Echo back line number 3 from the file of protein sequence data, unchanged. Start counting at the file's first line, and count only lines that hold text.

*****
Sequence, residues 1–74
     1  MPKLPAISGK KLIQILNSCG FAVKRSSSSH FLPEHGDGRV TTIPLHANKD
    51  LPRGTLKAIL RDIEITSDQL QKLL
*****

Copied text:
    51  LPRGTLKAIL RDIEITSDQL QKLL